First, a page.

For years, analysts have been talking about the disruptive impact of Airbnb’s alternative lodging solution to the hotel industry, but we think they are missing the point.
Amazon.com is one of the world’s largest retailers today, mentioned in the same breath as Walmart, Target, and every other retail giant. Often, these companies are compared to Amazon instead of the other way around. For the past decade, we take it for granted that “you can find it on Amazon,” but this was not originally the case. In 1995, Amazon was launched as a bookstore. They were evaluated as a bookstore and measured on the number of books offered and sold. They were a disruptive threat to Barnes & Noble, Borders (remember them?), Hastings, and other regional and national giants in the space. While there is no doubt that the book business was turned on its head by Amazon, this pales in comparison to the larger impact of the company on the broader retail market.
Like Amazon, Airbnb is being measured by the breadth of its inventory. The site lists more rooms for sale than any of the largest hotel companies. Booking data is not known, but site traffic now rivals that of Expedia and surpasses that of most of the big brands.
Like Amazon, Airbnb is having an impact to the hotel market. Boutique hotels are feeling the pressure, and chain-scale brands are revisiting the amenities wars of the past (responsible for increasing the operating costs in the industry over the past two decades). Even so, it is clear that the “spare room” lodging alternative will never be an appropriate solution to many of the stay occasions/reasons for travel which drive hotel revenues today. There is a market for this offering, but it is not a universal one.
Airbnb as OTA
Retail site designers no longer try to build a better shopping process. It could be done – just as you could redesign the layout of automobile controls to be more ergonomic – but the effort would be wasted. Why? Because Amazon.com has taught us all how to shop online. Today, winning digital retailers work from the process diagram & flow used by Amazon.com and try to differentiate with product selection, content, service, or pricing. Building an entirely new “add to cart/checkout” process simply causes confusion.
Airbnb is doing the same thing with millions of travelers each day. They are teaching people how to shop for lodging and what services to expect in a democratized environment that creates comfort with a very uncomfortable concept (sleeping in a stranger’s home). Adding traditional hotel inventory into this process will be simple and is a logical extension of their service offering just as Amazon was able to extend their offering to more and more adjacent categories in rapid fashion over their 20 year history.
It is no longer a question of whether hotel rooms will be sold on this new channel – it is a question of who will be first. Independent hotels, seeking more affordable sources of demand and alternatives to high-cost, low-margin OTAs, will begin testing the channel within the next few months. Smaller chains should follow soon after. Within 18 months, we predict that one of the major chains will announce a partnership that includes listing significant inventory for sale on the site. While this will not drive any new long-term share gains for hotels, the first movers will be able to capitalize on travelers who are intrigued by what they’ve heard about the core Airbnb service but simply can’t pull the trigger – fleeing to the safety of the tried and true bed-bath-TV combo of a traditional hotel room.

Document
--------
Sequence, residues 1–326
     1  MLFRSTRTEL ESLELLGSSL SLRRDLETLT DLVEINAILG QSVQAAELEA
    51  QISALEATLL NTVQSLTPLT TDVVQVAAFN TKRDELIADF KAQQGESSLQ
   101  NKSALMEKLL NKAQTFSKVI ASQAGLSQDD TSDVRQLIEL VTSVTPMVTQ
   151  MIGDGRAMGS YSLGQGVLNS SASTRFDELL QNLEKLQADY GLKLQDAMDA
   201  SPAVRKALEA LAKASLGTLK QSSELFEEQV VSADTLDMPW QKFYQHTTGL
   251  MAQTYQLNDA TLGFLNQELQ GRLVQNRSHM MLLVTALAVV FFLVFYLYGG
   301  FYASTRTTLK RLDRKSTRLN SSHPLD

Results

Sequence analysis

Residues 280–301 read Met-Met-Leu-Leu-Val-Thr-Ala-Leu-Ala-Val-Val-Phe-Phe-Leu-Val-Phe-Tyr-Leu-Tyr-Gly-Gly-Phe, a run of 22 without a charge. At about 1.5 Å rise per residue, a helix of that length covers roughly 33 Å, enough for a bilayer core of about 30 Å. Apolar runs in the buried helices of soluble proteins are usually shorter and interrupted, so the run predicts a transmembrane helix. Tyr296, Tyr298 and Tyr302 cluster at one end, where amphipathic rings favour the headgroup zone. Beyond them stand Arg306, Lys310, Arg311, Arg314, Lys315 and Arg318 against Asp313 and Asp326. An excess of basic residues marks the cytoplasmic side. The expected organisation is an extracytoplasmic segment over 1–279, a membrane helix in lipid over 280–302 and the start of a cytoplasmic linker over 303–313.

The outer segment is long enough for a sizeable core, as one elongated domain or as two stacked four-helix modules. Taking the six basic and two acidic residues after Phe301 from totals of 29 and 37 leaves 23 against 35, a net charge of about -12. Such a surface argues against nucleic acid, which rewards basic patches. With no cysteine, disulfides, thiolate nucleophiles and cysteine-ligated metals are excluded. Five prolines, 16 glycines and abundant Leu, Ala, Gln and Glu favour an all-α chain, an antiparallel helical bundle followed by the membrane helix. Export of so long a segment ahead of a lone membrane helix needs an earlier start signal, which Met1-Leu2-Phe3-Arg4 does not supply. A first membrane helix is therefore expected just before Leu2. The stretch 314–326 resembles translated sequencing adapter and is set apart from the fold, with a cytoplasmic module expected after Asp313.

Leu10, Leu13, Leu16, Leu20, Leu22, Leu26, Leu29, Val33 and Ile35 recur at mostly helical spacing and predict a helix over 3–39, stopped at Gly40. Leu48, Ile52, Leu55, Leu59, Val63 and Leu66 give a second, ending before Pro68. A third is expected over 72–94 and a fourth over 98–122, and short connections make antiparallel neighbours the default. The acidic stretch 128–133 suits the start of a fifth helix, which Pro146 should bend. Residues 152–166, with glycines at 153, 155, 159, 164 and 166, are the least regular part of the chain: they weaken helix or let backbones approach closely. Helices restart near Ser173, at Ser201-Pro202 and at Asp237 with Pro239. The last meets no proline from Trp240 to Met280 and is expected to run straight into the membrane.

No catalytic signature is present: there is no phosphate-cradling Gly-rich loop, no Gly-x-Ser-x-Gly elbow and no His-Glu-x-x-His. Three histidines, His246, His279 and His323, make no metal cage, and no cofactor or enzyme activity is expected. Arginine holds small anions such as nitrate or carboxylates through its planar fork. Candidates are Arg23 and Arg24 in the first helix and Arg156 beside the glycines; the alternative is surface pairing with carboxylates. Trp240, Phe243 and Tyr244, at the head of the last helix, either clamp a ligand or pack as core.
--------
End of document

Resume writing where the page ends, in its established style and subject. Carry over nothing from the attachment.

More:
What is the impact?
Expedia and Priceline don’t really need this right now. As we have covered before, they are deeply worried about the pseudo-OTA offerings of TripAdvisor’s Instant Booking and “Book On Google.” I expect an ostrich approach from these wounded giants. In the long run, I think Expedia should try to buy Airbnb, but it would not surprise me if it works out the other way around.
Hotel companies need to figure out which inventory they can use to test out this new channel. Assessing the potential incrementality and cost per customer of every new channel is critical, but this cannot be done without active participation and aggressive measurement.
Independent hotel owners need to jump in with both feet. First mover can be a short-term advantage, and figuring out this new channel before your local competitors can only help you over time. Perhaps early adopter poster child, the Roger Smith Hotel, can once again lead the way? Morgan hotels are another likely candidate, if only to keep up the PR momentum gained from putting the Hudson Hotel on Google’s platform at the very beginning.
Google and TripAdvisor can be expected to respond with a single word: “Welcome.” Like every downstream booking channel, Airbnb needs sources of demand, and these two companies have cornered the market.
Del Ross is the Managing Partner at Noctober Value Partners, a strategic advisory firm specializing in revenue generation for consumer-facing businesses. Previously he has served as the head of sales and marketing for InterContinental Hotels Group.